Vision Wine Brands sues to prevent former employees from using trade secrets

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Vision Wine Brands LLC of Port Chester is asking a court to prevent a former partner and former employee from using wine importer’s trade secrets in a competing business.

Vision wine brands for follow-up Skin contact wines, Ricardo Castiblanco and John Grammer on June 14 in Westchester Supreme Court.

“Castiblanco and Grammer inappropriately used and disclosed Vision Wine’s confidential information for the benefit of Skin Contact and themselves and to harm Vision Wine,” the complaint states.

Skin Contact Wines did not respond to an email request for its side of the story or a phone message to Castiblanco’s home in Leonia, New Jersey, where the company is based.

Vision Wine Brands was created in 2008 by Robert Mazurkiewicz, Castiblanco and a third partner which has since been acquired.

Mazurkiewicz originally held a 40 percent stake and now owns 77 percent compared to Castiblanco’s 23 percent.

Grammer – Castiblanco’s brother-in-law – joined the company in 2015 as a sales intern and was eventually assigned to the lucrative Brooklyn Territory.

In the world of wine importation and wholesale distribution, a few large entities dominate the market, the complaint says. That leaves small and medium-sized businesses like Vision Wine Brands – with eight employees and annual revenue of $ 3.5 million – in fierce competition for market share.

Vision is licensed to sell wine to restaurants, hotels, and stores in New York City, and plans to expand into Connecticut and New Jersey.

It has developed a database of contacts, customer preferences, purchase records, product information, prices, profits and other confidential information that gives it “a competitive advantage over its economic competitors which do not have access to this information ”, indicates the complaint.

Employees sign confidentiality agreements to protect information.

Castiblanco’s job was to drive sales and growth, train sales staff, coordinate visits with suppliers and represent the company at trade events. As a minority owner, he received a monthly distribution of $ 7,500 until May 2018, when it was reduced to $ 5,500.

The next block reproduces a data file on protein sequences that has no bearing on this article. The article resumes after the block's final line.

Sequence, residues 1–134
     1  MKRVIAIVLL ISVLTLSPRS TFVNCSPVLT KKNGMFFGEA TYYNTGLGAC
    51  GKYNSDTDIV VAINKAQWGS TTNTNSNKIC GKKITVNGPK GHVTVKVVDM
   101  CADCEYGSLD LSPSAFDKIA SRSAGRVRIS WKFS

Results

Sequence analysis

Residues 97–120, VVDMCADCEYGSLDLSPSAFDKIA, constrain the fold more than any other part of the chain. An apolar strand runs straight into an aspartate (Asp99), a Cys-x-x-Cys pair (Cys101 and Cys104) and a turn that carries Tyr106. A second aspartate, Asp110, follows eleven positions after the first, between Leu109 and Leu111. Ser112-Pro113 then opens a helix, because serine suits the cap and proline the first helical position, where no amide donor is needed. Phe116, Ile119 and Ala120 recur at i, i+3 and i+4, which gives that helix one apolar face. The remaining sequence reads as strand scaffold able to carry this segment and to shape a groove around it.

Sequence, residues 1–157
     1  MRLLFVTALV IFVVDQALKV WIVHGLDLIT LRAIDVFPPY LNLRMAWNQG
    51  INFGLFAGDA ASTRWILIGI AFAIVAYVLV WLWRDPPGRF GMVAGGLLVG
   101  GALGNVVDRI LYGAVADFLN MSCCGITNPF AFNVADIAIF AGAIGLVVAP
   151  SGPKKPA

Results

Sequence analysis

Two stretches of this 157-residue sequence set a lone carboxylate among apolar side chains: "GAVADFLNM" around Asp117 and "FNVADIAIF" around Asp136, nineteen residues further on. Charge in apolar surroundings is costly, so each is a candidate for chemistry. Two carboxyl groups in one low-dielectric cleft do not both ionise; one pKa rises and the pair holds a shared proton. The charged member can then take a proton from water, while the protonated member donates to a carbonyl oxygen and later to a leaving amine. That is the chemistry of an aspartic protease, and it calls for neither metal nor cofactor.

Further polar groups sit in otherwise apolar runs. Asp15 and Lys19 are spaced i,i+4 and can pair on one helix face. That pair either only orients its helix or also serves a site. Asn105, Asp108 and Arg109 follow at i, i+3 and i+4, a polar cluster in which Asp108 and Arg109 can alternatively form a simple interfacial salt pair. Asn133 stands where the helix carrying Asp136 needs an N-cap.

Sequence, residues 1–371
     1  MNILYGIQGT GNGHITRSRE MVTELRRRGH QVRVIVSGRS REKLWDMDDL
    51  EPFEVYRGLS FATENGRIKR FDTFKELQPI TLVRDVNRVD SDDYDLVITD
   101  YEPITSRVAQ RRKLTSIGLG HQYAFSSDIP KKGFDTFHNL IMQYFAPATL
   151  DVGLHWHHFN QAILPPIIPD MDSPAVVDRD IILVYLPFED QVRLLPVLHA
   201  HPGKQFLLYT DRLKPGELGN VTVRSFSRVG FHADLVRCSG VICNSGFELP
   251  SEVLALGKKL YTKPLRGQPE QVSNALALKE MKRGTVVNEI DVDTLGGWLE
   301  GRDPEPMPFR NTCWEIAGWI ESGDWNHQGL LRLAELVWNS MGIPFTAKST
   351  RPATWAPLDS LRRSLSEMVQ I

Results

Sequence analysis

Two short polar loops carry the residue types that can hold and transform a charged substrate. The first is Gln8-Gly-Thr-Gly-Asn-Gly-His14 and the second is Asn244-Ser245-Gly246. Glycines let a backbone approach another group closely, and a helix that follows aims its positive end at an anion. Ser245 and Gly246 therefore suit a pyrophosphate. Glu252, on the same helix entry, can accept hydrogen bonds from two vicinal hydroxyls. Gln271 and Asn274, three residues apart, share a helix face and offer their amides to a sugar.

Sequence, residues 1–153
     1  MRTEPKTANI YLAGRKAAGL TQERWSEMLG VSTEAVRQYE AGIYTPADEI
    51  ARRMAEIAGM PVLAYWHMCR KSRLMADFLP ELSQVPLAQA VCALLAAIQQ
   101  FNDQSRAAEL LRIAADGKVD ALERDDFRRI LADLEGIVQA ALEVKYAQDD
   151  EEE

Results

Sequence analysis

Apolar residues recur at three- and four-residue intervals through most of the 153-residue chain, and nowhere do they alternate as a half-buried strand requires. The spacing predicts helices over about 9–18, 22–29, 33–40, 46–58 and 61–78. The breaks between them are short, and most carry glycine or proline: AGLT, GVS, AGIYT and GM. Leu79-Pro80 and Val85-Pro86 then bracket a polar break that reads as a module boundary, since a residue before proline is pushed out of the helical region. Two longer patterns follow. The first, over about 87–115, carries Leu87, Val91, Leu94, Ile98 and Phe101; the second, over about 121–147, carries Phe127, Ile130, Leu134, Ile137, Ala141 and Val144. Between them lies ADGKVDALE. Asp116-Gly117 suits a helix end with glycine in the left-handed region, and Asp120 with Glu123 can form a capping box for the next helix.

Last year, according to Vision, Castiblanco’s performance declined significantly. At the start of 2019, he was “largely absent from his post” and he was reportedly not cooperating, as a partner, in efforts to bring in a new investor.

Castiblanco also owes Vision $ 153,834 on a loan, according to the complaint, but has apparently not made any payments.

Castiblanco and Grammer formed Skin Contact Wines in February, as an importer and distributor of organic wines in New York and New Jersey, while working for Vision.

Mazurkiewicz confronted them on June 6. Grammer reportedly conceded that Skin Contact Wines was formed to compete with Vision, and he was fired for just cause.

Castiblanco is said to have brazenly boasted that efforts to compete began long before February.

Vision looked for evidence in the correspondence of the men. Castiblanco, for example, ordered 336 cases of wine from an Italian supplier last November, as part of a “special project outside of Vision Wine Brands“. He signed as “Ricardo, Vision Wine Brands”.

When Castiblanco started the new company, the complaint says, he gave up his job for Vision and undermined sales. He and Grammer also allegedly hijacked Vision’s business forms and models.

Vision accuses them of misappropriation of trade secrets, interference, unfair competition and breach of contract.

She seeks unspecified damages, repayment of the Castiblanco loan and an order prohibiting Skin from using her confidential information.

Vision says it also plans to pursue a breach of contract claim against Castiblanco through arbitration, as required by the operating agreement.

Vision is represented by David P. Friedman and Taruna Garg of Murtha Cullina LLP, Stamford and White Plains.


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